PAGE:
Fast food and chain restaurants like Applebee’s and Olive Garden have gotten a lot of public shaming about the calorie content of their menu items. Meals eaten at these restaurants typically provide around 1200 calories, which is far more than we should probably be eating at any one meal.
Researchers from Tufts University wondered whether diners fare any better at non-chain eateries, so they collected meals from a variety of independent restaurants in Boston, San Francisco, and Little Rock and sent them off for analysis. They found little difference between chain and non-chain restaurants in terms of the calorie content of the meals. But the research did reveal substantial differences between various cuisines.
Watching Your Weight? Go for Greek
For the study, they identified the nine most popular cuisines and the most popular menu items at each type of restaurant. Then, they collected matching meals from several restaurants in each category in each of the three cities.
It should be said that these meals don’t necessarily reflect a given culture’s traditional cuisine. They represent the version of these cuisines that’s typically served in American restaurants. (I’ve never been to China, but my understanding is that the food served in Chinese restaurants in America bears little resemblance to the food you’d eat in China.)
According to these findings, eating out without blowing your calorie budget may come down to what type of restaurant you pick. Although none of the meals could be considered low calorie, the difference between the lowest (Greek) and the highest (Italian) is more than 600 calories, or the equivalent of an entire extra meal.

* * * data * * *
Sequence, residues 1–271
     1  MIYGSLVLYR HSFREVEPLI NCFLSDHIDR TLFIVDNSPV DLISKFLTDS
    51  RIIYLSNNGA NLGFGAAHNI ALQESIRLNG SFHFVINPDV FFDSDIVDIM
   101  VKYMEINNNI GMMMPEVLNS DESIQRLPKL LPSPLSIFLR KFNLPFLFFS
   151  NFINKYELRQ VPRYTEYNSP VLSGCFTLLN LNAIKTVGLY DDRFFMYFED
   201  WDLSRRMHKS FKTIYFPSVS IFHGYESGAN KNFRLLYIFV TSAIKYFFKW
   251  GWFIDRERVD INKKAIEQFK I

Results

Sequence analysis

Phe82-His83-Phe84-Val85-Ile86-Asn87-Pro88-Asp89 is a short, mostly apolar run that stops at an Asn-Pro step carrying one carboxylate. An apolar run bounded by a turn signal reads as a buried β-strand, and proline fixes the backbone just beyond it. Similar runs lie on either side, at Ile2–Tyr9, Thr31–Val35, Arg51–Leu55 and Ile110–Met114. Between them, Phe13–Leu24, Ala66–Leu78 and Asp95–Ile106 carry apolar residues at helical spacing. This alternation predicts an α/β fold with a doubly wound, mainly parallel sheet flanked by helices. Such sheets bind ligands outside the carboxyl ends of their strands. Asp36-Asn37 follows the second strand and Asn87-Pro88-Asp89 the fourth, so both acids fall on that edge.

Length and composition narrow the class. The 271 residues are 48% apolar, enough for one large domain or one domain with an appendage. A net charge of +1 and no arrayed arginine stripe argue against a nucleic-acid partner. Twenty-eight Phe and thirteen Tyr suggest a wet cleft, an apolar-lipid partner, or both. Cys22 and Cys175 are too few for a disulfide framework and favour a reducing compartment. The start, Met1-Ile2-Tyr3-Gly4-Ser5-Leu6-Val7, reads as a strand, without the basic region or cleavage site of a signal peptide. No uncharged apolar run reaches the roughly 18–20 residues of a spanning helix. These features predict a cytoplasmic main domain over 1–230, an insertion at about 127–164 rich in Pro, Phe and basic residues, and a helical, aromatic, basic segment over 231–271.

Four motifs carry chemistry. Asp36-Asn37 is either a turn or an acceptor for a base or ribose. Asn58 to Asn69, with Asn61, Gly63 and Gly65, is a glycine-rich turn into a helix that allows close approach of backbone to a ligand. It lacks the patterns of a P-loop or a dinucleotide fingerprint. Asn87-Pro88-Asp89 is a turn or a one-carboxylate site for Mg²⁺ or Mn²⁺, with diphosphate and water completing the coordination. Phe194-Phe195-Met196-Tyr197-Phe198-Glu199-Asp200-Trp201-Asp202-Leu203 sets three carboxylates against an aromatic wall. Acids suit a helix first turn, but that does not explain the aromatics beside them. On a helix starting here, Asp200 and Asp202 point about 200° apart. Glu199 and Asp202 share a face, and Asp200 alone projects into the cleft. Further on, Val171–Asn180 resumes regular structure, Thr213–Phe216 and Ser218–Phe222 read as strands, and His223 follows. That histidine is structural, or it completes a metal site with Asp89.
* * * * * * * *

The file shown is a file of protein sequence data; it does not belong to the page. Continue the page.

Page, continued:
Here are the average calorie counts for a typical meal in each of the nine most popular restaurant types, arranged from lowest to highest.
- Greek (904)
- Japanese (945)
- Vietnamese (984)
- Mexican (1110)
- Thai (1163)
- Indian (1250)
- American (1451)
- Chinese (1478)
- Italian (1556)
Eating healthy isn’t just about calories, of course. And it’s reassuring to note that the 3 cuisines with the lowest calorie counts also tend to feature more nutrient-dense foods.
Interestingly, the calorie count didn’t necessarily mirror portion size. Vietnamese and Italian restaurants tended to serve the biggest portions (by weight). So if you’re looking for the biggest portion for the fewest calories, Vietnamese looks like a good choice.
Of course, no matter what type of restaurant you choose, there will be better and worse choices on the menu. Here are some tips on choosing wisely when eating out.